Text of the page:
10 Everyday Innovations That Came From NASA Research

NASA’s Technology Transfer Program is “the agency’s oldest continually operated program,” according to Spinoff, its annual guide of consumer products developed from NASA technology. The agency has issued the guide since 1976 to emphasize just how much NASA research has gone into products and innovations that you see in everyday life. It's catalogued 2000 innovations and counting. Here are 10 technologies that owe their existence to space exploration.

1. CELL PHONE CAMERA, 1995

The world's most popular selfie tech is also NASA’s most ubiquitous spinoff technology. Cell phone cameras use a complementary metal oxide semiconductor (CMOS) image sensor—not a new technology, but one revolutionized at NASA’s Jet Propulsion Laboratory, which made the sensor smaller, lighter, and able to produce a cleaner image. Coincidentally, the very notion of digital cameras was born at the Jet Propulsion Laboratory in the 1960s.

2. DUSTBUSTER, 1981

Its origins trace back to the Apollo program, when NASA contracted Black & Decker to design a special drill for taking core samples of the lunar surface. The computer program used to develop the low-powered, battery-operated moon motor was then used in the consumer space. A plethora of home cordless tools, and a tiny vacuum cleaner, were born.

3. MEMORY FOAM, 1966

The key ingredient in your comfy pillow was developed to absorb shock and improve the comfort of airplane seats. Today, the ubiquitous “slow spring back foam” improves just about everything, from football helmets and mattresses to race cars and saddles. Ironically, airplane seats remain uncomfortable.

4. EAR THERMOMETER, 1991

The thermometer sensors were first developed for satellites to check the temperatures of stars and other celestial objects by reading infrared radiation. The underlying technology was modified to measure the energy emitted from the human eardrum, making it much easier on everybody to see if the baby has a fever.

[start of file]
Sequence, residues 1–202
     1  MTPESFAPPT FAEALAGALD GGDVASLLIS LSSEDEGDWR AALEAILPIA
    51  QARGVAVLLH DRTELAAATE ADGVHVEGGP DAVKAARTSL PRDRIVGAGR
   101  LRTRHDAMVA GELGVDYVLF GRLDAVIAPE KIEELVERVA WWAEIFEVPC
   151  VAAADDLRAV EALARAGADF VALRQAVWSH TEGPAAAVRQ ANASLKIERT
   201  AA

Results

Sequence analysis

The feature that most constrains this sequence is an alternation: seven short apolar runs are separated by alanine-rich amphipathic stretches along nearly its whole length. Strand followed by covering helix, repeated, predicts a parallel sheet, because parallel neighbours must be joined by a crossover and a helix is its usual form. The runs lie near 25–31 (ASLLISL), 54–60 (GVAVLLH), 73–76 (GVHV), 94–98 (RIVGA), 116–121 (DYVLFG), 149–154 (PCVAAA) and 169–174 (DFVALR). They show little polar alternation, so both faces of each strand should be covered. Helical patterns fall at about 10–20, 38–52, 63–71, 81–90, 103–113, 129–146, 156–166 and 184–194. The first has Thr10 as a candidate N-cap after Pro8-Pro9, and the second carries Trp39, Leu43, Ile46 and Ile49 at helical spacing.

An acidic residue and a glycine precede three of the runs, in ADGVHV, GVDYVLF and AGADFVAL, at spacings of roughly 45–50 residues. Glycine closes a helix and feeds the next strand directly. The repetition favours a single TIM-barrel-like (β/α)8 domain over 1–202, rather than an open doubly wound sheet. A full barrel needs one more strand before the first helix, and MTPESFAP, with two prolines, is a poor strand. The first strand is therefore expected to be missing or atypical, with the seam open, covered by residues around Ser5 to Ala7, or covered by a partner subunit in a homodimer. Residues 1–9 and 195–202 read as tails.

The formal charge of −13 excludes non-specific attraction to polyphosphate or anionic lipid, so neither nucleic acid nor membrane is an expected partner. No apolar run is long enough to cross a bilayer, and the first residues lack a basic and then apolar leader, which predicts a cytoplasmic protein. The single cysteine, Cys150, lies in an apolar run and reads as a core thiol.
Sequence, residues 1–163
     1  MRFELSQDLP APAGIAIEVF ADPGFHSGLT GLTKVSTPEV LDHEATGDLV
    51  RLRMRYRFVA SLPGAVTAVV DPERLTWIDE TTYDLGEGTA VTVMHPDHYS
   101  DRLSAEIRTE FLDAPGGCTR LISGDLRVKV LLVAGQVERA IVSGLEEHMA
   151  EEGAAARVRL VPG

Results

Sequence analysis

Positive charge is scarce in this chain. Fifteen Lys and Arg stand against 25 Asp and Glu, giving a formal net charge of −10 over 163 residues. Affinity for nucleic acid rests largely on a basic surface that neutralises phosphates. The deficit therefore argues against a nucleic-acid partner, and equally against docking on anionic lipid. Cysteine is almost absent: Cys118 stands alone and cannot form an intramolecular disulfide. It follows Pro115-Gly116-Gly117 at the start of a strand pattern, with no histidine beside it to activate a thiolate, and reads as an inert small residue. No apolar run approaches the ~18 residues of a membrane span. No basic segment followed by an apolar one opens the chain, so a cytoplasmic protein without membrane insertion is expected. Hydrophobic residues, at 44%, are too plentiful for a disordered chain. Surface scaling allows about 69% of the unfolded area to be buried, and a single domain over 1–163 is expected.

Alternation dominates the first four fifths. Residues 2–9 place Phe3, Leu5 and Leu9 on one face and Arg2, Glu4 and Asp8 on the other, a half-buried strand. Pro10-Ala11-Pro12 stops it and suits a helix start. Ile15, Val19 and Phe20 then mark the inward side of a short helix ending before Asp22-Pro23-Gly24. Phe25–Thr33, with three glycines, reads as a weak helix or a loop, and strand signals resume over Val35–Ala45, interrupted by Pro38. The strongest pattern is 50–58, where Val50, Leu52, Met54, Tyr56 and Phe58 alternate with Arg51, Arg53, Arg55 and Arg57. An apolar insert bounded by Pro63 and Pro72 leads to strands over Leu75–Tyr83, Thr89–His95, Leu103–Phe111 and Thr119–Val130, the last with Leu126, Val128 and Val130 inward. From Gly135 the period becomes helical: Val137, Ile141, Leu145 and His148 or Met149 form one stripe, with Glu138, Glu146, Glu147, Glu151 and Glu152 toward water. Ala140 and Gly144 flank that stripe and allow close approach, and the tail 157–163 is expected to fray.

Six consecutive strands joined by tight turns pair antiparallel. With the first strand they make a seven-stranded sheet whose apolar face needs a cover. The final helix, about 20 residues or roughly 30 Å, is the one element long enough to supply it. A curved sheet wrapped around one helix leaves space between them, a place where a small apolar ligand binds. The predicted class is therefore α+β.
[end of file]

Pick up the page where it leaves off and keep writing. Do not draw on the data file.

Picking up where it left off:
5. BABY FORMULA NUTRIENTS, 1985

When NASA needed to find a way for astronauts to eat on long-duration, deep space missions, it cultivated nutrient-enriched algae containing docosahexaenoic acid (DHA) and arachidonic acid (ARA), which are polyunsaturated fatty acids. The idea was for astronauts to grow their own food. Because these nutrients are also found in breast milk and delivered in utero to developing babies—DHA and ARA are key to visual and cognitive development—another, more terrestrial use was soon found. And while astronauts have yet to need it, babies have been eating it up.

6. ROADWAY SAFETY GROOVES, 1985

The goal was to help reduce hydroplaning on NASA runways. By carving slim grooves in the pavement, water would run off, allowing the Space Shuttle and other winged craft to land in the rain. The grooves came to the first commercial runway in 1967 (Dulles, in Washington D.C.) and eventually made their way to highway curves, saving countless terrestrial lives over the years. A test study of 14 before-and-after grooving sites in California found an 85 percent decrease in highway accidents during rainy weather [PDF].

7. INVISIBLE BRACES, 1989

These tooth straighteners owe their superpower to translucent polycrystalline alumina, which is a super-strong, super-invisible ceramic. It was first developed for heat seeking missile technology. NASA helped apply it to smile technology.

8. SCRATCH-RESISTANT LENSES, 1983

They're hard to scuff up thanks to NASA research into water purification. A thin, plastic film was developed and applied to a certain filter in the purification process, and would turn up again in NASA research into ways to protect space suit visors. In 1983, Foster Grant licensed the technology, and glasses have never been the same since.